The Senate’s confirmation vote of Judge Brett Kavanaugh to become the next Associate Justice of the Supreme Court was the most partisan in modern history. The 50-48 tally continues a trend in which confirmations have devolved into strict party-line votes.
While political pundits spent months pondering over whether centrist or independent-minded Republicans–Maine’s Susan Collins, Arizona’s Jeff Flake, Tennessee’s Bob Corker, and Alaska’s Lisa Murkowski–would vote against Kavanaugh, only Murkowski broke ranks by abstaining. Things were no different on the opposite end of the aisle. Of the Red-State Democrats–Montana’s Jon Tester, Indiana’s Joe Donnelly, Missouri’s Claire McCaskill, North Dakota’s Heidi Heitkamp, and West Virginia’s Joe Manchin III–thought to be caught between Scylla and Charybdis, only Manchin, up for election in a state that gave Donald Trump his second largest margin of victory in the 2016 presidential election, switched sides.
The party-line votes are the culmination of a trend begun in 2005 when 22 senators broke ranks to confirm Chief Justice John Roberts Jr. Of the five subsequent nominations, no more than nine senators have voted against their party’s position.
The comparison of this recent trend to past epochs is astonishing. Other than Clarence Thomas in 1991 and Robert Bork in 1987, all confirmation votes since 1969 had at least 18 senators vote with the opposing party. As recently as the 1990s, the vast majority of senators did so. Nominated by Bill Clinton, Ruth Bader Ginsburg received 41 of the 44 Republican votes in 1993 while Stephen Breyer garnered 33 of 42 Republicans a year later despite the growing hostility between the president and Congress.
The 1970s and 1980s actually witnessed four unanimous confirmations, an outcome that’s unfathomable in today’s political climate. The Senate confirmed Anthony Kennedy, Sandra Day O’Connor, John Paul Stevens, and Harry Blackmun without a single dissenting vote. Other justices came close to getting a perfect score.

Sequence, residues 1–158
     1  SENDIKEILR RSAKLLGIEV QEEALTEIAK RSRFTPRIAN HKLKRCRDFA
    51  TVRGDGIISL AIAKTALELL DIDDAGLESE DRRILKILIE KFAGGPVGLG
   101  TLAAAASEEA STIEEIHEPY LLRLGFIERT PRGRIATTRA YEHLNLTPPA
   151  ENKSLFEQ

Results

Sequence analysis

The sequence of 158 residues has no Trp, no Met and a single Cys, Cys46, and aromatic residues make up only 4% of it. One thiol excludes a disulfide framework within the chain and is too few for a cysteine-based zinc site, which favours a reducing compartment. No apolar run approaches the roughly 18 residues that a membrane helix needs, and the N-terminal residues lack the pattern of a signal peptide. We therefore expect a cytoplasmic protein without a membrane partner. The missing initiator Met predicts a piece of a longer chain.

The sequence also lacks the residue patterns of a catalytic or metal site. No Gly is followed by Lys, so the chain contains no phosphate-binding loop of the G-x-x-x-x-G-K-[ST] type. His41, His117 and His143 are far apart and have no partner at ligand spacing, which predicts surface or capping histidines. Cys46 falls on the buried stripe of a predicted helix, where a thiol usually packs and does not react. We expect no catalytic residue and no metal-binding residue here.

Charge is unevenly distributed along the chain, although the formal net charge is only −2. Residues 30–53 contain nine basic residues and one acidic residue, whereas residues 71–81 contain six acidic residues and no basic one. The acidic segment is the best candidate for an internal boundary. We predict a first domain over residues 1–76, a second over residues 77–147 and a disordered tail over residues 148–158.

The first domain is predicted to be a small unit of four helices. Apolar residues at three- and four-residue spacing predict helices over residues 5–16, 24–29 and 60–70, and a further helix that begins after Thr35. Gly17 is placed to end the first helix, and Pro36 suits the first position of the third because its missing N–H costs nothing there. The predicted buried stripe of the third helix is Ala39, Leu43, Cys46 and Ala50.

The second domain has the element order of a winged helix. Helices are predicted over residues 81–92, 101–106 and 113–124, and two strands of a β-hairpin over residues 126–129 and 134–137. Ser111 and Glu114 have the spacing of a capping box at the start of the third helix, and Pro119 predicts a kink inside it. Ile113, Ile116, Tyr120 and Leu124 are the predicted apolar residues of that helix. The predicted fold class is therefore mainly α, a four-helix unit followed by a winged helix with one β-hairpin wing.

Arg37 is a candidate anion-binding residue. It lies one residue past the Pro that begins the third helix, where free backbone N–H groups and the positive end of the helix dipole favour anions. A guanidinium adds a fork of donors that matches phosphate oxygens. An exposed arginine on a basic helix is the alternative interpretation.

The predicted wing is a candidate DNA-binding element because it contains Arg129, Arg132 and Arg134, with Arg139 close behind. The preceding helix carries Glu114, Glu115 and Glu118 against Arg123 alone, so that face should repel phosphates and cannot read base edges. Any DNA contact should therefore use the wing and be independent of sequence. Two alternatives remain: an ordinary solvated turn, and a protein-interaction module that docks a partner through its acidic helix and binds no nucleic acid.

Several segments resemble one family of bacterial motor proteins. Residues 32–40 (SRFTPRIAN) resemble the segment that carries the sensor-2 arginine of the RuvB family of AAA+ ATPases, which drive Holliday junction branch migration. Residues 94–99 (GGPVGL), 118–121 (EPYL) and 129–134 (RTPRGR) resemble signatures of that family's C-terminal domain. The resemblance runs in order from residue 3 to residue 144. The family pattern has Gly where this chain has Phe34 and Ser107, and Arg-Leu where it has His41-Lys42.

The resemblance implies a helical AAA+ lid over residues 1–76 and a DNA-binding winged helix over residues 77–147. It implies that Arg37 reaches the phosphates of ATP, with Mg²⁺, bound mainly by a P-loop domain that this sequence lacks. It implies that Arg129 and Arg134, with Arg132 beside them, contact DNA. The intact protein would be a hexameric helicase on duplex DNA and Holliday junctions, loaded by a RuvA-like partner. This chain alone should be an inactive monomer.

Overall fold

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Even during the heavily contested nomination battles over Clement Haynsworth Jr. and G. Harrold Carswell, two of Richard Nixon’s nominees whom the Senate rejected, 30 or more senators in each instance broke ranks with their respective parties.
Go back farther in time, and one will largely find a series of voice votes, a procedure in which, instead of employing a roll call, the Senate acted in unison, bellowing out “yeas” and “nays” in succession. Such informality also seems unfathomable today.
The reasons for today’s party-line votes are simple. Besides the amped-up, hyper-politicized age the Senate now operates in, the parties have become more disciplined like the British House of Commons, where members of parliament rarely break party ranks. The purification of the parties into ideologically distinct entities has also contributed to the recent trend of partisan voting patterns. Before southern voters switched en masse to the Republican Party in the 1970s, both parties housed liberals and conservatives. Over time, the dozens of conservative Democrats and liberal Republicans who once regaled the Senate disappeared. Attacked as apostates by their parties, centrists also became endangered species within the upper chamber.
The bitterness surrounding Kavanaugh’s confirmation is a testament to this reality.
Unless today’s radioactive political climate cools down, presidents no longer pander to their most rabid constituents by foregoing extremists in favor of centrists, and senators resurrect some of the institutional prerogatives that used to put the upper house’s interest and integrity above that of loyalty to one’s party, these voting patterns will continue.
Don’t hold your breath, however. The chance of those changes taking place any time soon are about the same as the next Supreme Court nominee getting unanimously confirmed.